The goal of most vacations? R&R and rounds of mojitos. But some people are using their days off to learn about the plight of Asian elephants—per a recent New York Times Magazine article—while staying at a luxury resort that helps end animal exploitation and the poverty cycle that can create it.
Elephant sanctuary resorts exist mainly because of English-bred environmentalist John Roberts, who directed his interest in conservation to Thailand after seeing and hearing stories of elephants trawling urban streets with their their mahouts (keepers), doing tricks and posing for photos, working long hours, and being poked and prodded and underfed—all in hopes of bringing in a few baht (Thai currency).
That led him to create the Golden Triangle Asian Elephant Foundation (GTAEF) and become the Director of Elephants—how’s that for a job title?!—at the Four Seasons Tented Camp and the Anantara Golden Triangle Elephant Camp and Resort, the two main supporters of the foundation, in Thailand’s northern Golden Triangle, where the country nudges up against Burma and Laos.
“Anyone who has visited Thailand will be familiar with the Kingdom’s reverence for its elephants,” Roberts explains in his official bio, but widespread poverty, he says, has caused many Thai to mistreat the animals in attempts to make a living.
Since 2003, Roberts’ passion has led the foundation to rescue 32 elephants, along with providing income to the mahouts and their families, who otherwise would have been out of a job. It’s currently supporting more than 60 people.
And since simply releasing elephants into the wild isn’t really an option—as many had been born in captivity or become so accustomed to cities that life in the wild, even if their habitat were intact, would kill them—the foundation created a way to ethically employ the gentle giants, as part of the mahout trainings and elephant treks that are key parts of the package at both resorts.
Mahout training at both properties involves learning basic verbal and physical commands to steer, stop, start and encourage your elephant to lift a leg for you to use as a step to climb aboard and ride bareback. You discover a lot about connection and teamwork (kind of like Miraval’s Equine Experience), and nothing makes you more sympathetic to an animal than learning to communicate with it.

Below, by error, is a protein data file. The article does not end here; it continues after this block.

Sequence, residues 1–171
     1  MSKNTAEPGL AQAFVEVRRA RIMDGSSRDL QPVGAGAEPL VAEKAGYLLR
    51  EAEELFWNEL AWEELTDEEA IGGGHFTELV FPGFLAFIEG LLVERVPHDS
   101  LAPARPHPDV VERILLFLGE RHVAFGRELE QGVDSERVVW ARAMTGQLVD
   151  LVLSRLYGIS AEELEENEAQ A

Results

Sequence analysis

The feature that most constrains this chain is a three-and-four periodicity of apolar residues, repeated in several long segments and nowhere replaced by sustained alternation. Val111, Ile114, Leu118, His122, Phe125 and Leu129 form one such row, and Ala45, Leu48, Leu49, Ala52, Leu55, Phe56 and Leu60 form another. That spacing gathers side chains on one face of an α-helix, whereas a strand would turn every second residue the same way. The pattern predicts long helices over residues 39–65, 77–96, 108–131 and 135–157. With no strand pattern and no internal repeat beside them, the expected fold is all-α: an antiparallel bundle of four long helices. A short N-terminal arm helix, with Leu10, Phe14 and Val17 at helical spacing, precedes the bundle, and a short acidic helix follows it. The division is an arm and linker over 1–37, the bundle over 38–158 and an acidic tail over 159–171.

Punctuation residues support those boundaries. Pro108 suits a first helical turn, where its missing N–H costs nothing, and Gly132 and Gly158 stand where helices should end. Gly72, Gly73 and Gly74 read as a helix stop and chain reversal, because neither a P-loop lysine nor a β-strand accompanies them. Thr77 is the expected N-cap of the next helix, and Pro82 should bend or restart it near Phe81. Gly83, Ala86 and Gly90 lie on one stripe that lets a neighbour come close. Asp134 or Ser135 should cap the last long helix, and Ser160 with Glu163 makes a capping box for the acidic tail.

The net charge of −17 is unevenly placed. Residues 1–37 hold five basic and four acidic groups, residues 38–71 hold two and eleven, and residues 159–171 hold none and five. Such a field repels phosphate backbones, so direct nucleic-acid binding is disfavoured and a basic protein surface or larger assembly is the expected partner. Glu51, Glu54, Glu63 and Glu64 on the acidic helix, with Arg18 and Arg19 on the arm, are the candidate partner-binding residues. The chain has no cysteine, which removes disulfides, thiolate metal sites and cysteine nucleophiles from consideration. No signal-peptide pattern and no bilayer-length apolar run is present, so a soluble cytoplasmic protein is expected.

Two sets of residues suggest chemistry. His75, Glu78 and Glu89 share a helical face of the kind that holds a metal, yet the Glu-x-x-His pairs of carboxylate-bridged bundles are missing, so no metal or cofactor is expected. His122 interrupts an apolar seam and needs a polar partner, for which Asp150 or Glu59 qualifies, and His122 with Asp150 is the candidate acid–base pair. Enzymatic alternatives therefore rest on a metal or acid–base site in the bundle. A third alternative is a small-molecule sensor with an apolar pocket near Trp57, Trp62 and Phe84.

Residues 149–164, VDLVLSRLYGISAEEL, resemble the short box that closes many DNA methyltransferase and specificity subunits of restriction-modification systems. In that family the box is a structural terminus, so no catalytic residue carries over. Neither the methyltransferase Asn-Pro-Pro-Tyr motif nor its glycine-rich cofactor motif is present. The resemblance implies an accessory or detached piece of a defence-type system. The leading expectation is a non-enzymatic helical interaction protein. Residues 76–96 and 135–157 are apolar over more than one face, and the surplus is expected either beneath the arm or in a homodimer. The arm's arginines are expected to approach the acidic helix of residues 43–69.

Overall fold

Once you’re good with that, it’s off into the lush bamboo forest, past the rice paddies and into the river. Many guests find that they want to go deeper, which is why Four Seasons recently added daybreak elephant treks up to a scenic viewpoint for sunrise over the Mekong, and Anantara offers sunset treks and interactive programs with a resident research assistant from Think Elephants International.
While the Four Seasons and Anantara are for-profit, luxury resorts (and plenty luxurious, at that), their goal is to support a better life for the animals and to educate guests. Unlike some of the basket-ride tourist operations outside Chiang Mai, the experience here doesn’t feel exploitative since the elephants aren’t overworked and are kept with steady supply of bananas, bamboo, and sugarcane.
Resort fees cover most of the elephant camp’s operating expenses, mahouts benefit from tips, and guests are educated and encouraged to donate or even virtually adopt an elephant. (Non-guests can also help by donating via the GTAEF’s website.)
Roberts says, “Because our parent company covers all of our administration costs, as well as being our largest single donor, guests who donate can be sure that every penny goes straight to help the elephants—either to help us keep our promises to the elephants rescued from the streets who now live onsite; or to fund our educational activities, research, welfare outreach projects to other camps; or to our projects working to keep elephants safe in the wild.”
When I rode on an elephant’s shoulders there, she lumbered through the rain forest and cooled herself off splashing around in a river. From that vantage point, it certainly felt like those promises were being kept. —Ann Abel
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